When I think of former Rep. Jack Kingston (R-Ga.), a prominent surrogate for Donald Trump's 2016 campaign, I tend to think of the trip he took a month after the election. The Georgia Republican went to Moscow and signaled to business leaders that the incoming Trump administration may be prepared to lift economic sanctions against Russia.
Now, however, Kingston may be known for something else: he's the guy who's criticizing the teenaged survivors of the Parkland mass-shooting, suggesting they may be puppets of nefarious liberal forces. He made the argument on CNN yesterday morning -- he's an official political commentator on the network -- and repeated it again last night.
As the New York Times reported, Kingston is not alone.
[I]n certain right-wing corners of the web — and, increasingly, from more mainstream voices like Rush Limbaugh and a commentator on CNN — the students are being portrayed not as grief-ridden survivors but as pawns and conspiracists intent on exploiting a tragedy to undermine the nation's laws.In these baseless accounts, which by Tuesday had spread rapidly on social media, the students are described as "crisis actors," who travel to the sites of shootings to instigate fury against guns. Or they are called F.B.I. plants, defending the bureau for its failure to catch the shooter. They have been portrayed as puppets being coached and manipulated by the Democratic Party, gun control activists, the so-called antifa movement and the left-wing billionaire George Soros.The theories are far-fetched. But they are finding a broad and prominent audience online. On Tuesday, the president's son Donald J. Trump Jr. liked a pair of tweets that accused David Hogg, a 17-year-old who is among the most outspoken of the Parkland students, of criticizing the Trump administration in an effort to protect his father, whom Mr. Hogg has described as a retired F.B.I. agent.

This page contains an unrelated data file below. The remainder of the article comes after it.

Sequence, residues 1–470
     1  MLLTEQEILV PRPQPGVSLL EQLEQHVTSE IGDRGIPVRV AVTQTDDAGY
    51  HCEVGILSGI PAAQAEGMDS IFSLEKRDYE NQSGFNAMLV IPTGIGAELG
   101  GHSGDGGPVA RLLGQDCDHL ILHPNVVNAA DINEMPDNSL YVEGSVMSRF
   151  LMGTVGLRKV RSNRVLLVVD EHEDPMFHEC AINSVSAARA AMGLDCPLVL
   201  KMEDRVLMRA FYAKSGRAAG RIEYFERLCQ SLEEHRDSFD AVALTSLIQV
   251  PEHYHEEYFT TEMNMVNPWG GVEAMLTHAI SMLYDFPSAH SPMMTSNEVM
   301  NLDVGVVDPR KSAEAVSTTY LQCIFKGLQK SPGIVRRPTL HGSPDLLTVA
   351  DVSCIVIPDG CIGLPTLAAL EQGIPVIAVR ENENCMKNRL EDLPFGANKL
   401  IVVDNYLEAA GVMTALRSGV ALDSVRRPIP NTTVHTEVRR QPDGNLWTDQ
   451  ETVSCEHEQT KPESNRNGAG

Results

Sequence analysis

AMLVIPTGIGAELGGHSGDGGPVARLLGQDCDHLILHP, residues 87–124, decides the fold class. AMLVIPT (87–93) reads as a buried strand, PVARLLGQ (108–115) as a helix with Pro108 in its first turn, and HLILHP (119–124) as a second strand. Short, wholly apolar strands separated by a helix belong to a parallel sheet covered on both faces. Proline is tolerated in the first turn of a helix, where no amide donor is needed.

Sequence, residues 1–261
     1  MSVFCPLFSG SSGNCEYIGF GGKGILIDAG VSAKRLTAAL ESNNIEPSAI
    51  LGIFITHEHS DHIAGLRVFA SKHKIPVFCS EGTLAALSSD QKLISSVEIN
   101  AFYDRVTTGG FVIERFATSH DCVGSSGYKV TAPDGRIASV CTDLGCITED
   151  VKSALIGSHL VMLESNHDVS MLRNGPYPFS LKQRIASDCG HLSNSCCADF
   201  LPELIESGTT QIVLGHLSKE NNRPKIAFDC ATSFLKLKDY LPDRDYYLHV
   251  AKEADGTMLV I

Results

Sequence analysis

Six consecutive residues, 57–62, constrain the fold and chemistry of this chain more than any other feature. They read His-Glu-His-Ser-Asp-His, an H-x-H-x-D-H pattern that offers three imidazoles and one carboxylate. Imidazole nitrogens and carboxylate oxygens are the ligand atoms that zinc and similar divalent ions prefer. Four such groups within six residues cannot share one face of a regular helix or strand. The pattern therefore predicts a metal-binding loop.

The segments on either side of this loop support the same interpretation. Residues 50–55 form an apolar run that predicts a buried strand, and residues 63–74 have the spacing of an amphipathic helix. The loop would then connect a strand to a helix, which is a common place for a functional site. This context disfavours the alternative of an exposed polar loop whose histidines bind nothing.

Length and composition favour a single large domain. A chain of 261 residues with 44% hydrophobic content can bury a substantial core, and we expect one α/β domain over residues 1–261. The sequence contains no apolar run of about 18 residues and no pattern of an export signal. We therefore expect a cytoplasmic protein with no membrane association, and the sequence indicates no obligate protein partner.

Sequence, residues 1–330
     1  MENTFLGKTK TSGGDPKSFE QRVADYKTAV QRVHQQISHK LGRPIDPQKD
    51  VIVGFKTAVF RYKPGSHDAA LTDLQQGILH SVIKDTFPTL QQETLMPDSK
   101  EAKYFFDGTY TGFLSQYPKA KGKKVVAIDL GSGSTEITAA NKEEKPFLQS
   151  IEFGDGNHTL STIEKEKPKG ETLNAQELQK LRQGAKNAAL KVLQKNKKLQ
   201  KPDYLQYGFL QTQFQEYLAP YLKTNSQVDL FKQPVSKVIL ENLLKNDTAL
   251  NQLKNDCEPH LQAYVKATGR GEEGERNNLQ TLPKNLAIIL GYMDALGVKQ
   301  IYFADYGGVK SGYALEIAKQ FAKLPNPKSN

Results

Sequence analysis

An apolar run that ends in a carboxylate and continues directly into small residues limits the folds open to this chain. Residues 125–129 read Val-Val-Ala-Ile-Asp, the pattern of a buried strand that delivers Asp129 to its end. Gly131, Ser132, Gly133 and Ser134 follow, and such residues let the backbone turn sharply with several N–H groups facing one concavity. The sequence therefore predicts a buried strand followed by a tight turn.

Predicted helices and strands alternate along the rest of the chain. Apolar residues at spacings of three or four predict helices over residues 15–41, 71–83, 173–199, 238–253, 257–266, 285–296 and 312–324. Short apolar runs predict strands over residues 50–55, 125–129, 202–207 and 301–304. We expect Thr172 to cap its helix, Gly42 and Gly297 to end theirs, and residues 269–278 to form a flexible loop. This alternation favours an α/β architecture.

The right-wing pushback against these kids has been fierce, but just as importantly, it's been widespread.
If the attacks were limited to fringe, crackpot websites, they might be easier to overlook, but prominent figures in conservative media have gone on the offensive, criticizing the kids with lies and conspiracy theories, and the nonsense is spreading.
In one instance yesterday, as Florida's Republican-run state House was preparing to vote on a measure to ban assault weapons, a GOP aide told a local reporter that some of the high-school students lobbying for new gun restrictions are secretly actors who travel from city to city, trying to exploit tragedies.
The aide was soon after fired, but the garbage talking points are part of a larger effort to discredit the young people trying to make a difference -- all while sending a signal to others that if they stand up, the right may very well target them, too.
Doug Heye, a former House Republican leadership aide, said on Twitter this week, "Questioning the motivations of Parkland students/bizarre conspiracy theories should be beyond the pale. I may disagree with some of their policy goals, but the motivation of these incredibly well-spoken, poised kids is clear: their friends were shot."
The fact that so many other conservatives can't adopt this sensible posture is a reminder of the kind of toxic indecency that exists among far-right extremists. If there's anyone in the country right now who deserves some sympathy, it's the kids from Marjory Stoneman Douglas High School.
Perhaps, instead of attacking them, Republicans should consider hearing them out?